Everyone’s legacy is unique. How you live your legacy will be determined by your own passions, interests, skills, and level of commitment.
Here are some examples of individuals who have embraced their legacies in a way that reflects who they are and what they want to accomplish:
Terrell recognized very early on that his strength was in leading and mentoring others. Through a variety of service projects throughout his teenage years, Terrell honed his public speaking and leadership skills. He knew that his strength was not just his ability to volunteer his own time, but to motivate and lead others to serve as well.
At age twenty-seven, Terrell is employed by a major corporation. Although his job keeps him very busy, he finds time to give back to the community that he grew up in. Terrell found his passion from his own personal experience of being raised by a single mother in Philadelphia. He created an organization called Program Watch, which works with inner-city boys and teens being raised by single mothers to provide them with mentoring, life coaching, community service opportunities, and work readiness skills.
Christine was outraged to learn about child-soldiering in Uganda. She discovered that children as young as seven-years-old are sold as sex slaves or trained as soldiers and forced to kill. Christine realized that even though this did not affect her community, she had a responsibility as a global citizen. This was an important social justice issue that hadn’t received enough attention, and she set out to raise awareness in her local community.
Christine was motivated to do something about this, but knew that it would be difficult to make changes and address a problem in a different country without a partner. Through her Internet research, she found and contacted the United Movement to End Child Soldiering, a peace-making and humanitarian organization, and explained that she wanted to get involved. She formed a committee and organized a gala to raise funds to benefit the organization. Over 200 people attended, and she raised more than $8,000. With this money, she was able sponsor the education of a former child soldier.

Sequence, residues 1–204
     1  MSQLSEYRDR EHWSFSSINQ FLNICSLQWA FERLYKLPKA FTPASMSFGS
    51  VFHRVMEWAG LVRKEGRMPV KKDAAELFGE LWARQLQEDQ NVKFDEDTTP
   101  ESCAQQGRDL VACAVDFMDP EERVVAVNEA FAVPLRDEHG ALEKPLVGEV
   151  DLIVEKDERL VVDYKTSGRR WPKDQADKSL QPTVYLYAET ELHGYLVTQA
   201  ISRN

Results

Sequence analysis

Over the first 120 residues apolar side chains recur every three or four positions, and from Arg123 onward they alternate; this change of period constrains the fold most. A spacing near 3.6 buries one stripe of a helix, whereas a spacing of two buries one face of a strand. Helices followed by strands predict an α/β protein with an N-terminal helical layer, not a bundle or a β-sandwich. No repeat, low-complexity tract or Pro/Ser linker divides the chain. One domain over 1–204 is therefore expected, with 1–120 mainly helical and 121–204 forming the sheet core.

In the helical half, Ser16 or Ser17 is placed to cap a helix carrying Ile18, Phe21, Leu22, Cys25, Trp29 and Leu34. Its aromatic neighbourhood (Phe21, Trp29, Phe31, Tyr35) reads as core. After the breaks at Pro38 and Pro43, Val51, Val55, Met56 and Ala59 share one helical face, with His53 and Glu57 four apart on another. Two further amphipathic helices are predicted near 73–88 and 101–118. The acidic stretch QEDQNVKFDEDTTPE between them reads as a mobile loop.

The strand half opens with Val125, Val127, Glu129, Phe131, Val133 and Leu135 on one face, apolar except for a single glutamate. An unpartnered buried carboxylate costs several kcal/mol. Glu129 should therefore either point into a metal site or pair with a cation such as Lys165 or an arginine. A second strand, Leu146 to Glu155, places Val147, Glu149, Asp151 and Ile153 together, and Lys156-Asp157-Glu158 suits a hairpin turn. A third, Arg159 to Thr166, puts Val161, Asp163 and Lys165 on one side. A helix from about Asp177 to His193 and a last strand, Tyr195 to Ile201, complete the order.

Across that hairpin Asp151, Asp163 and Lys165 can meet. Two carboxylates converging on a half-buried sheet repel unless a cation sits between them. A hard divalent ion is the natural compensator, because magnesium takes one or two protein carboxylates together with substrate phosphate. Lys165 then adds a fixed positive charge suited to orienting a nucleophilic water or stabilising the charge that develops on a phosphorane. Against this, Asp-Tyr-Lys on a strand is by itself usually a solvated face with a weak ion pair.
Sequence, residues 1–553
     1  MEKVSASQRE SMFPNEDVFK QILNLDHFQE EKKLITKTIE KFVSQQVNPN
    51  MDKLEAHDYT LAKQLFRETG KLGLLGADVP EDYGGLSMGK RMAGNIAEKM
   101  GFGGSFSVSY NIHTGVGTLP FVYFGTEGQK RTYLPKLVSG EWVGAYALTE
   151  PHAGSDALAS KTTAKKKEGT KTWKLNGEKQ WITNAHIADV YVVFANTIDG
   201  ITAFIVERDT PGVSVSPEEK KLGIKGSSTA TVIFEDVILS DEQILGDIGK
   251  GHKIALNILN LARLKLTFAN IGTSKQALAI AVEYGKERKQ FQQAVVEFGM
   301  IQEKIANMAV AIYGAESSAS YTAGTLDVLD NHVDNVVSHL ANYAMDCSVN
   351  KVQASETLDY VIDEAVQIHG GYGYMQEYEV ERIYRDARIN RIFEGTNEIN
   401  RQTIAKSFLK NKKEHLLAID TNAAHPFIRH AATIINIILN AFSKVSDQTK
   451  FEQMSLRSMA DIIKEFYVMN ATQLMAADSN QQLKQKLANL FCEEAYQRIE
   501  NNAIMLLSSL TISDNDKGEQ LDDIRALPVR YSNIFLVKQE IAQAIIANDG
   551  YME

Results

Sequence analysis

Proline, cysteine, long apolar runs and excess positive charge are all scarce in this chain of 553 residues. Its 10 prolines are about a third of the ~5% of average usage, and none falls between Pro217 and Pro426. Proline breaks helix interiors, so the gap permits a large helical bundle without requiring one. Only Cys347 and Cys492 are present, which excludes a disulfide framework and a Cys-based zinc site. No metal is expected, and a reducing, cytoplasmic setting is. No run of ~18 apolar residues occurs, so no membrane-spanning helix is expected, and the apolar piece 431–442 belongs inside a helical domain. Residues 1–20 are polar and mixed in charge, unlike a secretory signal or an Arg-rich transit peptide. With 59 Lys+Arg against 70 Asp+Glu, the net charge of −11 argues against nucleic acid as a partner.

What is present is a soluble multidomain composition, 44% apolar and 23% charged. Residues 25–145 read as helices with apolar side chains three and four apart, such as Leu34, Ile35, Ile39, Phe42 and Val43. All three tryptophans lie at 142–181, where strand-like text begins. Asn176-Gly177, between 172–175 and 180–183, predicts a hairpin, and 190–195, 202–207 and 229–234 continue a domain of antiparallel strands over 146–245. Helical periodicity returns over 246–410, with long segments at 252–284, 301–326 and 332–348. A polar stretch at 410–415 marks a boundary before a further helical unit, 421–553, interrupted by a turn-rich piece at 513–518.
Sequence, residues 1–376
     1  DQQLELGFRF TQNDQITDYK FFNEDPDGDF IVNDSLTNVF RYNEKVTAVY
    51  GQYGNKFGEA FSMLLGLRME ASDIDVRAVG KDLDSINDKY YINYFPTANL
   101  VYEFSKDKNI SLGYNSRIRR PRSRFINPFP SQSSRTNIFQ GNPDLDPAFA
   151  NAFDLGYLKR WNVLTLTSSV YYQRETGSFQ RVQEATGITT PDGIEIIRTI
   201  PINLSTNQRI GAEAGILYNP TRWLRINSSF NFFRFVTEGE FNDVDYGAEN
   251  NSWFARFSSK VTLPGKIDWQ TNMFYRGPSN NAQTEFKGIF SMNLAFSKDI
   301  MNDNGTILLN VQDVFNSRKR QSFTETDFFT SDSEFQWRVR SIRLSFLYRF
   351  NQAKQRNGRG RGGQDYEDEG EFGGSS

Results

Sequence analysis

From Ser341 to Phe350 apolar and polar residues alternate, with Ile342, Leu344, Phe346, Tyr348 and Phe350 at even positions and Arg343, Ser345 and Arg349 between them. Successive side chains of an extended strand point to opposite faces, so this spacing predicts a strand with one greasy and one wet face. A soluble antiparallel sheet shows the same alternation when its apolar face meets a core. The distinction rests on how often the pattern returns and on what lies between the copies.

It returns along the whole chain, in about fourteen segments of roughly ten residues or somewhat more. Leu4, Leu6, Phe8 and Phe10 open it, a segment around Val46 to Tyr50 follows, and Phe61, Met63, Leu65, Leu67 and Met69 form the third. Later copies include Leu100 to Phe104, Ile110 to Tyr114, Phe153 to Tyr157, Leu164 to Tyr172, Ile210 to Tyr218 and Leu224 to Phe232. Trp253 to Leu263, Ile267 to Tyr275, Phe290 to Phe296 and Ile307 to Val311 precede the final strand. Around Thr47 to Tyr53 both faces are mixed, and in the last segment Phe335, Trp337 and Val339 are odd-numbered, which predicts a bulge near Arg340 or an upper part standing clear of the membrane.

By combining raising awareness with raising money, Christine did both. She is an example of how we can work locally to create global change.
After learning about the genocide in Darfur and attending a speech presented by a refugee from Sudan, Madeline was inspired to raise awareness about this important issue.
Being a fashionista, she knew that one way to gain the attention for a cause was to create a clothing trend. So, with the help of a local designer and a t-shirt printing company, she created a “Hate Is Out of Style – Save Darfur” t-shirt campaign. Madeline created a small business selling these t-shirts, and quickly sold-out of her first batch of fifty shirts.
In the second year of her project, Madeline created two new designs and expanded her project to increase awareness within community. She attached a fact sheet about Darfur to each t-shirt she sold to ensure that her customers were well informed. She also began to engage in advocacy work beyond selling the t-shirts. In two years, Madeline raised over $3,000 through this project and donated all of the funds to non-profit organizations that advocate for peace in Darfur, and provide resources to refugees.